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Chinese Currency Appreciation Evidence Of Major Trend Unfolding

22 June 2010 4 Comments

Our fearless politicians here in America have a habit of pounding the table over “Chinese currency manipulation.”   While that term might make your eyes glaze over, I assure you that this is something to which you should actually pay attention.

The concensus in most developed countries is that a weak currency is good since it stimulates exports and brings money into the country.  The result then is a race to the bottom, where there is literally competitive devaluations.  In tandem with this course of action is the anti-Chinese rhetoric demanding that China allows their currency to appreciate.  Why?  Because if the Yuan appreciates, the dollar (and other currencies) depreciate against it.  Ok, there you have the basic high-level game plan.  Now, let’s get on to what this means for you and me.

A Larger Trend

The larger trend in play here, and which the currency situation has an impact, is standard of living.  There is a global imbalance in living standards, especially when comparing the United States and China.  The currency peg has helped to exacerbate this imbalance by creating a situation where dollars equaled more Yuan – or, where our dollars bought more Chinese goods than we should normally be able to afford.  Chinese leaders accomodated this policy because they enjoyed the export-driven growth.  I believe the U.S. consumer has peaked a few years ago, and while the consumer isn’t dead, it isn’t going to get back to the level of recent past.  China may realize this too…

As the Yuan appreciates, it possibly signals China’s shifting perspective to other industries versus the export industries.  Their export industries have been hurt badly by the collapse in global consumption from highs of the mid-2000’s.  As Americans turn toward more savings (although, still not as much as they should), the impact is felt in Chinese factories.

If the Yuan continues to appreciate, it means Americans will be able to afford less Chinese products.  Since much of what we buy is from China, it means affording less overall.  This is a big part of a re-balancing of the standard of living.

Peter Schiff comments on the situation:

if China were to stop manipulating the dollar higher, it would remove the props currently supporting our dysfunctional economy. American interest rates and consumer prices would soar, and our economy would collapse. Meanwhile, China would experience the opposite effect. Chinese consumer prices would fall, immediately raising living standards for average Chinese workers, whose higher real wages would finally allow them to fully enjoy the fruits of their labor.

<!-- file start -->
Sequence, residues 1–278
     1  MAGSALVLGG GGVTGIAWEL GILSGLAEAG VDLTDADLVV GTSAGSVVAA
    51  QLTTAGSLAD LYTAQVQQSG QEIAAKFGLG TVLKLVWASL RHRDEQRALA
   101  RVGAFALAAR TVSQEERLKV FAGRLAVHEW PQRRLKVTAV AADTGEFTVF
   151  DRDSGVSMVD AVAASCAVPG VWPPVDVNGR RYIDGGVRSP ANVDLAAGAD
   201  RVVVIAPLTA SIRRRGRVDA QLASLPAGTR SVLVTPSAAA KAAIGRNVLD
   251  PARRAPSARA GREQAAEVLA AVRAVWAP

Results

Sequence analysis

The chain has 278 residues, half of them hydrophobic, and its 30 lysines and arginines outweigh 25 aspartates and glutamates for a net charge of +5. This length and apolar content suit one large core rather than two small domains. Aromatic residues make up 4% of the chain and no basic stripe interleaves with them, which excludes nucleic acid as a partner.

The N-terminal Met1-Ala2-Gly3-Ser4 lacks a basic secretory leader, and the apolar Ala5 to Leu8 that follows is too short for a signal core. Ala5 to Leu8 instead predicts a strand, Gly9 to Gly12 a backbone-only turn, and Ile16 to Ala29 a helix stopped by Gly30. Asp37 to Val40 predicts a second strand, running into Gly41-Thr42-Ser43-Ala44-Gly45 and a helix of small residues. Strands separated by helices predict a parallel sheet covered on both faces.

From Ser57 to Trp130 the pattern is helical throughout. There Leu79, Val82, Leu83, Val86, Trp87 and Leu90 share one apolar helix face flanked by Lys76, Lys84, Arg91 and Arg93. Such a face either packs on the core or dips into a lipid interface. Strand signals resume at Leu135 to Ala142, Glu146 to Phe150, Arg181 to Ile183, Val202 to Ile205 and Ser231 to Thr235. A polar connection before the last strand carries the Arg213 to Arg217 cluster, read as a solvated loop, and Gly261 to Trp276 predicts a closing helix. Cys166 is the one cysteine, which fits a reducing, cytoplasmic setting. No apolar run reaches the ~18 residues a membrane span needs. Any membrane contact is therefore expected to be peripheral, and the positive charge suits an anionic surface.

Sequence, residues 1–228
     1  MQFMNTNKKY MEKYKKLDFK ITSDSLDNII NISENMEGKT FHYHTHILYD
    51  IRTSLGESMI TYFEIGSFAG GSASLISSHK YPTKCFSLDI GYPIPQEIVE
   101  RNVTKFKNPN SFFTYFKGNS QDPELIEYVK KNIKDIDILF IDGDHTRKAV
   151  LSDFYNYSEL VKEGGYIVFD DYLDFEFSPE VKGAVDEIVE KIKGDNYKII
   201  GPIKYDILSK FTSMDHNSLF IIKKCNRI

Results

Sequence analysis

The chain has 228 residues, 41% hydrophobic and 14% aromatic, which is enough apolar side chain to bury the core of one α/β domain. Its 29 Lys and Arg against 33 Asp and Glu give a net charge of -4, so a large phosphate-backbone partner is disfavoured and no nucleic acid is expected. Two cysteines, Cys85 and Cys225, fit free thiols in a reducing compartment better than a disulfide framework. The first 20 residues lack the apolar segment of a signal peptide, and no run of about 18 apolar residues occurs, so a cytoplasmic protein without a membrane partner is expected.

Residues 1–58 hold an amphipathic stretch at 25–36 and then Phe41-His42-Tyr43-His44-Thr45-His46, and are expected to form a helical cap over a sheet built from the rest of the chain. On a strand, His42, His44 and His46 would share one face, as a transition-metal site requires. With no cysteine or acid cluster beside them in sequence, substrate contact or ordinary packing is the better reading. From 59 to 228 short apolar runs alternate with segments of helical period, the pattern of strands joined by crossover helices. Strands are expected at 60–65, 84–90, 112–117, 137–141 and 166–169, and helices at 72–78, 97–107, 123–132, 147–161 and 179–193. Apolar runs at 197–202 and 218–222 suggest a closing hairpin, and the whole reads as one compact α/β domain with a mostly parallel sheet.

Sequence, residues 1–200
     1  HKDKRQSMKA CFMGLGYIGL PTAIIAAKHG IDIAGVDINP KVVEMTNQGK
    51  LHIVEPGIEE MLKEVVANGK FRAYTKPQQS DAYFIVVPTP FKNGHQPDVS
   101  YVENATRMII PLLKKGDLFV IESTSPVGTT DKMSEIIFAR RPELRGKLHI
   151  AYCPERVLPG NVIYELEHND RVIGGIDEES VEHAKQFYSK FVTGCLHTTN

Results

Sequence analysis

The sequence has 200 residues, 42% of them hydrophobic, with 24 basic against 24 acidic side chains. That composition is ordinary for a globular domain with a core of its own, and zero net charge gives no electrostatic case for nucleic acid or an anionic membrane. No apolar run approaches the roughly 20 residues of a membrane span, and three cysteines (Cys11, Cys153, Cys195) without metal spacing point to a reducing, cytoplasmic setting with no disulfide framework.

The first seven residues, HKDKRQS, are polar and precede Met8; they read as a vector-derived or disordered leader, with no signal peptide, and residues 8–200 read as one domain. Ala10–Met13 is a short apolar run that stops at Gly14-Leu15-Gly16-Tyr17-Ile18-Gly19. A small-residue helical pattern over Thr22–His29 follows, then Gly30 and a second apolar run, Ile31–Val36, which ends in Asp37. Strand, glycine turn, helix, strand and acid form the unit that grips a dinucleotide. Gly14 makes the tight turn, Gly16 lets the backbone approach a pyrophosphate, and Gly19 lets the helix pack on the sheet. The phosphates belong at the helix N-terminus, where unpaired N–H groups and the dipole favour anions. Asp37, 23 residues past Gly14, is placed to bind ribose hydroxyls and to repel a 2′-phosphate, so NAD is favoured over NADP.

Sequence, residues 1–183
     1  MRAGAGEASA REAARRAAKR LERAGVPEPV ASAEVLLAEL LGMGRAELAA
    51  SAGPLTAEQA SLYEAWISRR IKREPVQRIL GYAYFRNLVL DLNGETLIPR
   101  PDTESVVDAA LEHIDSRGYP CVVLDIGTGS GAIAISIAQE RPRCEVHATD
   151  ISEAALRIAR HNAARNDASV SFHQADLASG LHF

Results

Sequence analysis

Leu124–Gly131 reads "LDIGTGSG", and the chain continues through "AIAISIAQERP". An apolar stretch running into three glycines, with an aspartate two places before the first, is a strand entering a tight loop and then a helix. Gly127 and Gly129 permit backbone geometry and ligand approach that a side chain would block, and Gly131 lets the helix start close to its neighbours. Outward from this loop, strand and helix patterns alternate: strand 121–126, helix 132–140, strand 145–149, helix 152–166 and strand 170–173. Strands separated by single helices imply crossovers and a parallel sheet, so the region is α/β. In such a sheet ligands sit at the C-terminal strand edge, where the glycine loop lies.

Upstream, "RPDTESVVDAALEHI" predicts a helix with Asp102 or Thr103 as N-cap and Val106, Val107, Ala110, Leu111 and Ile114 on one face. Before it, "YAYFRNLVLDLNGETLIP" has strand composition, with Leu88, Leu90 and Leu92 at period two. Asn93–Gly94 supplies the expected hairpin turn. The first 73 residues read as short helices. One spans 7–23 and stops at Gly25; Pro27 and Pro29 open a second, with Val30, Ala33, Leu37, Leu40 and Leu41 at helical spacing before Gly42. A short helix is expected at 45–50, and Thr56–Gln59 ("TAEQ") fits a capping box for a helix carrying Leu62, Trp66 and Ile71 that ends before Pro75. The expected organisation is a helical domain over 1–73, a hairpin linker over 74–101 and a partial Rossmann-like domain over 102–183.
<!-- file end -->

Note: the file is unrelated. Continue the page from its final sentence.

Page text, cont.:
After explaining how the appreciating Yuan will hurt the American economy in the above quote, he goes on to ask why our politicians would be so stupid to move towards such as situation:

Given this reality, why are our political leaders so adamant that China effectively pull the rug out from under our economy? Are they really that clueless? Perhaps they are – or perhaps they are a bit more devious. Perhaps they are using reverse psychology. Maybe they feel that the best way to get the Chinese to maintain the peg is to demand that they remove it. Historically, the Chinese have always resisted outside interference.

However, to paraphrase Abraham Lincoln, you cannot fool all of the Chinese all of the time. Soon they will see the light, and when they do, it’s lights out for American hegemony. If you think China is important today, just wait a few years. For example, while the Chinese automobile market is now the largest in the world, 90% of Chinese car buyers pay cash. In contrast, only 15% of American car buyers do so. In other words, Chinese consumers can actually afford their cars, while most Americans cannot. Without huge car payments, Chinese consumers are in much better shape not only to trade up to newer cars in the future, but to purchase other products as well. This suggests huge future growth, not only in automobiles but also in other consumer products as well.

Lastly, Schiff sums up the situation with the following:

Whenever the Chinese government decides to end the peg, the Chinese economy will benefit as a result. While as citizens we can hope that U.S. leaders respond with the right policies to enable our economy to regain its former glory, as investors we should position ourselves to benefit from the more certain outcome.

Bottom Line

I believe the trend is clear.  Both the Yuan and the Chinese standard of living will increase.  The dollar and the American standard of living will decrease.  It is a naturally imbalance that cannot be held back much further.

Make no mistake, this is a major event in the global economy.  Moreover, it’s still the early innings here in this game.  Unfortunately, the American economy and the American politician is not in the driver’s seat despite what most of us think.  The Chinese have the growing economy, the reserves, and the cheap labor.  More importantly, they have the hundreds of millions of workers who have spent years building fancy appliances, gadgets, and other things only to see them ship off to an American consumer; these same workers are now eyeing these items more and more for their own possession and consumption.  They want these things and are wondering why only the Americans can have them.  They want a higher standard of living.


  • Carol said:

    Most important is only reach people have cars and most Chinese are not able to live in China due to rising all living things: food, fruit, oil…everything.

  • شات دلع said:

    To create a business that we have become larger, of course we need the funds can be obtained through bank loans. Therefore, I think there is nothing wrong if we think about these alternatives, but we must be ready with all the risks.
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